Log Cabin Kits vs. a “Real” Log Cabin
“If everyone is thinking alike then somebody isn’t thinking.”
– George S. Patton
There are plenty of opposing opinions in the discussion on do-it-yourself log cabin kits vs building a log cabin from scratch. When we first started exploring our options, I thought the only way to build a log cabin was to get a bunch of somewhat similar-sized logs and a chainsaw and try to make them fit together. It seemed overwhelming. Then I started hearing about do-it-yourself log cabin kits. That seemed to like a much better option for our situation.
What is a do-it-yourself log cabin kit
As you can see in the photo further down this page, a log cabin kit is a complete package of logs and wood and hardware that arrives on a flat-bed truck (or two) with a notebook of instructions on how to put “Part A” in with “Part B”. When our do-it-yourself log cabin kit arrived, a representative from the log cabin company was there to help us take a complete count of each piece of wood and all bags of bolts and nuts. Before that occurs, the log company went through a description of the complete kit — what was included and what was not. We had ordered a deck off the back so all that wood was included. All the windows and exterior doors were included except for the giant glass that we wanted looking out over the lake. We understood that we needed to order those separately from a local glass company. Make sure if you get a do-it-yourself log cabin kit that the company selling it to you is willing to take the time to spell out what you are expected to provide yourself outside of the kit. We knew that we needed to buy the subfloor wood and hardware including all the joists for the floor.
Our Findings on Log Cabin Kits vs. “Real” Log CabinsWe spoke with a log cabin kit company at a home show and they patiently explained how their kits could be assembled and how to cope with the issue of logs settling as they dried and when they got cold in the winter and got hot in the summer. Everything that they told us seemed very logical and well thought out.
Months later we were on vacation and ran into a retired log cabin kit company salesman. We started prying him for info and found his method of bolting logs together also seemed very logical but ran completely contrary to the other company.
Then we ran into a guy who built log cabins from scratch. He ridiculed log cabin kits and assured us the only way to build a “real” log cabin was to get raw logs, spread them out in our yard for a year to dry in the sun (while turning them periodically), and then to hand hewn (trim) them to fit snuggly together. He was almost religious in his fervor but his logic also seemed flawless. By that time, we were very perplexed on what was the “right way” to build a log cabin.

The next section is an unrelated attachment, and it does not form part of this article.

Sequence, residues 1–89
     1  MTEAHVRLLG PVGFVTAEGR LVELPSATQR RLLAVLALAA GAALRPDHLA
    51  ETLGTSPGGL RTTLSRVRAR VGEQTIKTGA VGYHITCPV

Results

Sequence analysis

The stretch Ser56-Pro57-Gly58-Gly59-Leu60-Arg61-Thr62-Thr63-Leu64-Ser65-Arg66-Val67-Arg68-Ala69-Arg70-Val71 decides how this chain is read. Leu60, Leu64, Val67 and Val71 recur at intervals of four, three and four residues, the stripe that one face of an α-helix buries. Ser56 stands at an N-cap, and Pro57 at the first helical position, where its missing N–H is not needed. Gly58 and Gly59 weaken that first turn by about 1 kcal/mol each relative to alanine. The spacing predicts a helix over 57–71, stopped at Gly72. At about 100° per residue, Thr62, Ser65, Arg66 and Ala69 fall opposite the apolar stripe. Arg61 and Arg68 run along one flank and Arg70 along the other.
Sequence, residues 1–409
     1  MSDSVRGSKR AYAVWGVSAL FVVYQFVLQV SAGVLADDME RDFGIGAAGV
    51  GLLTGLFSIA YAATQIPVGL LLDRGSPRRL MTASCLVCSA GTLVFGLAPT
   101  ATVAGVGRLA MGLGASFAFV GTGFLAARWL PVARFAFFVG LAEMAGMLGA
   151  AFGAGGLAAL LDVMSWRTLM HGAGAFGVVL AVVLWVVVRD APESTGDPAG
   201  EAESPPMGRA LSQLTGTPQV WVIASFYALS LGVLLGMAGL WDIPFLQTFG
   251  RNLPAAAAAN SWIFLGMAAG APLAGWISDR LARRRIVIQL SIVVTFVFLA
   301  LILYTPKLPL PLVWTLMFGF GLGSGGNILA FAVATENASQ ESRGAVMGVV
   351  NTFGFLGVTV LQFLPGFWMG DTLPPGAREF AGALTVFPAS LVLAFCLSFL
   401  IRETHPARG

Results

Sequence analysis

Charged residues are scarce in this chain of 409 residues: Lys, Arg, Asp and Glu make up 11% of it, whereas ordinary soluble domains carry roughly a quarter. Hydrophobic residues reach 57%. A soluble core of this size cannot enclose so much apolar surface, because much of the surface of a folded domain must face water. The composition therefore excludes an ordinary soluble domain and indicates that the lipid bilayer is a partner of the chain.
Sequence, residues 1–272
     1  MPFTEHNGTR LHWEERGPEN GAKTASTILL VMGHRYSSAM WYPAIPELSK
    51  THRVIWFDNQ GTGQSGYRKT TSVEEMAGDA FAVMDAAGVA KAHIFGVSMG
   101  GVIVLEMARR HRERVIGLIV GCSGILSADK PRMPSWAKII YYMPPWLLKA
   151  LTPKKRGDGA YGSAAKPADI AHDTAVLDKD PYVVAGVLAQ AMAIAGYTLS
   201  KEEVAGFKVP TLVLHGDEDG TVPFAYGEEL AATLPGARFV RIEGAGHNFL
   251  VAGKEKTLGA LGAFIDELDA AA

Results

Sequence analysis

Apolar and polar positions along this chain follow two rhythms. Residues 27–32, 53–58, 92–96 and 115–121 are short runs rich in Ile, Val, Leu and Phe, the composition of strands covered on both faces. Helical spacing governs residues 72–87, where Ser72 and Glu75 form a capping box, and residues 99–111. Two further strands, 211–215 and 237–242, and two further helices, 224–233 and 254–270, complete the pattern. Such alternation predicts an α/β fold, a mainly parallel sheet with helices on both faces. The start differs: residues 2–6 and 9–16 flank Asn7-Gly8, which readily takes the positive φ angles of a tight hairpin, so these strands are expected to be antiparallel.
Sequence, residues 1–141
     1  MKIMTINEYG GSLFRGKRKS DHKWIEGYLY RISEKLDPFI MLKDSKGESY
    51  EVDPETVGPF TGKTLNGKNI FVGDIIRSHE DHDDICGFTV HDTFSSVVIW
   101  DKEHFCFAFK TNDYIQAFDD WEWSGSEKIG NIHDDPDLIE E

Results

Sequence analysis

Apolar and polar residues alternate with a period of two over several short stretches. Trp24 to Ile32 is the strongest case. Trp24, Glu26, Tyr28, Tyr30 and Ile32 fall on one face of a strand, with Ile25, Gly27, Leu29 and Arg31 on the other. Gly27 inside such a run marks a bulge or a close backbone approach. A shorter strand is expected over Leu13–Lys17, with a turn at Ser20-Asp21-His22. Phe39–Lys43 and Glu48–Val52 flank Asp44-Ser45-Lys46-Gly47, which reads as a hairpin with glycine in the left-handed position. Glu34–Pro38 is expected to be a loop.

If you’ve been through similar tribulations (or if not, you likely will), I will tell you what we finally discovered. We found that each of those styles were good in their own way. We talked with people who had log cabins built in various ways and all of them said their structure was sound and solid. No one complained of windows shattering from settling logs (we later found out that is usually a scare tactic that would only happen from a very poorly built cabin). No one had any complaints but rather each talked about how solid their structure was and how much they liked it.
Why We Opted For a Do-It-Yourself Log Cabin Kit
We decided to build a DIY log cabin from a kit but your needs and desires may lead you in a different direction. We are handy at DIY projects and wanted to have the satisfaction of doing much of the busy work ourselves. But we had no desire to build a legacy-worthy hand-hewn natural log home completely from scratch. And as ambitious as we were about building a log cabin, stacking the logs and tying them together seemed like a very stressful hard task so we opted to hire a builder recommended by the log cabin company to do that. He built the log walls and made the structure water-tight (with windows and roof) and then turned it back over to use to complete it. We took care of the interior walls and doors, all the plumbing, electrical, and everything else that entails. I got to build rustic looking interior doors and my wife got to put her decorating skills together with all the finishing touches.
Now that we have built our log cabin, we are like the other owners we talked with — we love our own log cabin and the techniques that were used for the construction. So as George Patton said, you don’t need to think like everyone else. Ask a bunch of questions to solidify what will be best for your needs, make sure the company you are working with is reputable (check those references!), and make your own decisions based upon your own discoveries. When you do that, I’m sure it will be fine!
Use the comments section below to share your own ideas or to ask questions.